Maude (1972–1978)

TV Series   |  TV-PG   |    |  Comedy


Episode Guide
Maude (1972) Poster

"All In The Family" spin-off centered around Edith's cousin, Maude Findlay, a liberal, independent woman living in Tuckahoe, NY.

TIP
Add this title to your Watchlist
Save movies and shows to keep track of what you want to watch.

7.2/10
2,946

Videos


Photos

  • Adrienne Barbeau and Bea Arthur in Maude (1972)
  • Bea Arthur in Maude (1972)
  • Bea Arthur in Maude (1972)
  • Bea Arthur in Maude (1972)
  • Bill Macy in Maude (1972)
  • Bea Arthur and Bill Macy in Maude (1972)

See all photos

More of What You Love

Find what you're looking for even quicker with the IMDb app on your smartphone or tablet.

Get the IMDb app

Cast & Crew

Top Series Cast



Creator:

Norman Lear

Reviews & Commentary

Add a Review


User Reviews


1 April 2007 | Syl
10
| Then There's Maude!
Unfortunately, I never saw Maude until I got the DVD first season of her show. It appeared nowhere in syndication maybe because it was too controversial and might offend too many people. Compared to other shows today, Maude is quite mainstream and ahead of it's time. I loved Beatrice Arthur in this role of Maude, forget Dorothy Zbornak. Bea plays a terrific Maude Findlay, the cousin of dimwitted Edith Bunker, from All in the Family. Anyway, the casting of Bill Macy as Maude's fourth husband is genius. They work so well together. Adrienne Barbeau is terrific as her divorced daughter, Carol. Of course, we never see Philip, the eight year old dimwitted grandson. Then there is the supporting cast which is stellar like Conrad Bain as the conservative Republican right wing doctor neighbor and friend to Walter's character and Esther Rolle who plays the African American maid, Florida Evans who is fawned over by Maude's character in the beginning that she doesn't get much work done. Don't forget Rue McClanahan as dimwitted Vivian and friend of Maude. I can't help but like Maude. For all things that she gets wrong, she gets a lot of it right. Today's television writers and developers should learn from the sitcom master, Norman Lear, that a great show like Maude's can be both controversial and funny and genius too. Most sitcoms today lack the balance between left and right. Lear's sitcoms provided both sets of opinions without winning the battle. I'm sure if the sitcom people today would watch, they might learn something about developing quality sitcoms. Remember it's not quantity but quality and it's a shame. They think we want to see beautiful people like Friends in sitcoms with minor problems and the same point of view.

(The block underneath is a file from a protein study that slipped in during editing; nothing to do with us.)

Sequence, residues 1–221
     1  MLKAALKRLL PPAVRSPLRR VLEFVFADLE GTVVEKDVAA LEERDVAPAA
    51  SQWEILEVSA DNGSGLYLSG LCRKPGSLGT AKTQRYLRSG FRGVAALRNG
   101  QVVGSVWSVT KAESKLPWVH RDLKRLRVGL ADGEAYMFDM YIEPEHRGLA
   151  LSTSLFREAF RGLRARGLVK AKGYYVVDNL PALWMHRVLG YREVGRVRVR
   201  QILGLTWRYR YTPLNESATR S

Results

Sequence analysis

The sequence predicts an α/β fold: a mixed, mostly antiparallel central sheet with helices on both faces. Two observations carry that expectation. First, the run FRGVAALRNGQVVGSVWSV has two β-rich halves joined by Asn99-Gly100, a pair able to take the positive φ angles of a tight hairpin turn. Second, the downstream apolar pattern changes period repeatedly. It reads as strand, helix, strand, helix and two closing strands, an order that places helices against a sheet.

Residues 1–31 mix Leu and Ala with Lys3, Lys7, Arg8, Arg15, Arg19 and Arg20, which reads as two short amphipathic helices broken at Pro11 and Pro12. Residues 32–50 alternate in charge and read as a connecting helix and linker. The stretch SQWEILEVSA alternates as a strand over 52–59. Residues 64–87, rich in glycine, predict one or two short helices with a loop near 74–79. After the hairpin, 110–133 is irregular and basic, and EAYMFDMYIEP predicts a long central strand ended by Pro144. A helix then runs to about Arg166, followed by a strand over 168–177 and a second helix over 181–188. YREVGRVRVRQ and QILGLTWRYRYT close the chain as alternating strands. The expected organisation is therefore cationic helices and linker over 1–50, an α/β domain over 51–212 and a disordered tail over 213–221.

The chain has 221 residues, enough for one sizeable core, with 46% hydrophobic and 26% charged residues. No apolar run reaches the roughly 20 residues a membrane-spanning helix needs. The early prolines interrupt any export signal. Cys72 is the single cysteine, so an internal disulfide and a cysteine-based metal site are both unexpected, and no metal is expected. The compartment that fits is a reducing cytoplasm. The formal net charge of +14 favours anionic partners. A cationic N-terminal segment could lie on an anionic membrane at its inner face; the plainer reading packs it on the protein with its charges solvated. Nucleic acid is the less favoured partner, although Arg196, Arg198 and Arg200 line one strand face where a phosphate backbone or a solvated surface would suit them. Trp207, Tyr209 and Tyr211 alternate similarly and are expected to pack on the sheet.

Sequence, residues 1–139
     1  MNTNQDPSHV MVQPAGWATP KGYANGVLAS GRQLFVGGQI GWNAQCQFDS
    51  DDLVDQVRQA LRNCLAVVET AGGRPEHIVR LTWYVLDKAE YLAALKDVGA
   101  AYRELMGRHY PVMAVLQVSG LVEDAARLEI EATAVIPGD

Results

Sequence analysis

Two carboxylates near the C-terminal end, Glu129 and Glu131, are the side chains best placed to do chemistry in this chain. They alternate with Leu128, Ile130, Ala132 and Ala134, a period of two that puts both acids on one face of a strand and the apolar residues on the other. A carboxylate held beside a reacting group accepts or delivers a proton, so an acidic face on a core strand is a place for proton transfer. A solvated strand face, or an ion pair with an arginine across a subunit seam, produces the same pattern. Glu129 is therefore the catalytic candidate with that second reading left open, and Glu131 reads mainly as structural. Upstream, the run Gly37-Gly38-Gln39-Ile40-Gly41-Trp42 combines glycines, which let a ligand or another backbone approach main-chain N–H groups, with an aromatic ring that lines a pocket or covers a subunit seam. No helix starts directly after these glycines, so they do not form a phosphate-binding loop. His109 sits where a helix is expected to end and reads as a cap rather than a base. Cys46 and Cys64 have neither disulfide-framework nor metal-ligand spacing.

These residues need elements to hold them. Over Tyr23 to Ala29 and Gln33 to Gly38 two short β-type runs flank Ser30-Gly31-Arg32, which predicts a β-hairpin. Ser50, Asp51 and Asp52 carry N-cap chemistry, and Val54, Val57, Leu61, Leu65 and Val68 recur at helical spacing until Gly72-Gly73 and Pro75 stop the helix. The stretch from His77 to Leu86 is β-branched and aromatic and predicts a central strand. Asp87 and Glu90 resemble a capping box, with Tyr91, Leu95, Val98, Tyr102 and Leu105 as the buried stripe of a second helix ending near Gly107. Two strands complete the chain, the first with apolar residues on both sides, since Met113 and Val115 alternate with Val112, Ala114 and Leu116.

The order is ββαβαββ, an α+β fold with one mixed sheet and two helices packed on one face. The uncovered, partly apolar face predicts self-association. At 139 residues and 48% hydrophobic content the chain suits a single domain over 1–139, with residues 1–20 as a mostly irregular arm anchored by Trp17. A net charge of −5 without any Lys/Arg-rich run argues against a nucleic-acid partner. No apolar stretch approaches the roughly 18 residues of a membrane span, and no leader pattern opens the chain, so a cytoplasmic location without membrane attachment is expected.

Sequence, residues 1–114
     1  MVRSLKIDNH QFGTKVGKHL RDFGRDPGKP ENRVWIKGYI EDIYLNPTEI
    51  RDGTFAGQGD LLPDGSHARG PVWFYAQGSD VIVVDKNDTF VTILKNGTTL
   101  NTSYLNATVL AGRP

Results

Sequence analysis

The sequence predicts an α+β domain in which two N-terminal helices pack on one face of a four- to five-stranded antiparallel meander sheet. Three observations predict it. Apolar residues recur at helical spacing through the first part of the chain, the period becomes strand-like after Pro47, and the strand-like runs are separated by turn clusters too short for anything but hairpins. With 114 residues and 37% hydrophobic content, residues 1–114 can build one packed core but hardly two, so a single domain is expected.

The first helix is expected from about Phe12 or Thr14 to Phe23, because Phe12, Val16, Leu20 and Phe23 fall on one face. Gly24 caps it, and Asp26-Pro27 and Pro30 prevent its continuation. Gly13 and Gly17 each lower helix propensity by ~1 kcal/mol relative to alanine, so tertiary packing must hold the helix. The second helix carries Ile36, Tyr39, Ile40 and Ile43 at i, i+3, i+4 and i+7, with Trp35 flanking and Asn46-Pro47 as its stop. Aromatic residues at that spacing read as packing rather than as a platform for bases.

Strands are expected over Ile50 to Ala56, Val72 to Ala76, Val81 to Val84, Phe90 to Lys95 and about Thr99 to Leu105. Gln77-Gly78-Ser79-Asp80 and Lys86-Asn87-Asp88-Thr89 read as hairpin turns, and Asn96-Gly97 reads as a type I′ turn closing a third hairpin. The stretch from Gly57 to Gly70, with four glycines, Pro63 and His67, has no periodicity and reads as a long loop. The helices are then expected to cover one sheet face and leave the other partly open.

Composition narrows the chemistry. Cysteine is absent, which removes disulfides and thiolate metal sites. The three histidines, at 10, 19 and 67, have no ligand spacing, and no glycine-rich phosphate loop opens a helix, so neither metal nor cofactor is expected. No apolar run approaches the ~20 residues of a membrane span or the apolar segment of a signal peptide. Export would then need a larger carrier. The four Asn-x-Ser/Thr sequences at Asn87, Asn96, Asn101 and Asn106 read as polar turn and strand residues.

Critic Reviews



Anna Chlumsky Reveals the Best Moment From "Veep"

"Veep" star Anna Chlumsky reminisces about the show and picks the Disney movie that always makes her cry during our Take 5 challenge.

Watch now

Featured on IMDb

Check out our guide to superheroes, horror movies, and more.

Around The Web

 | 

Powered by ZergNet

More To Explore

Search on Amazon.com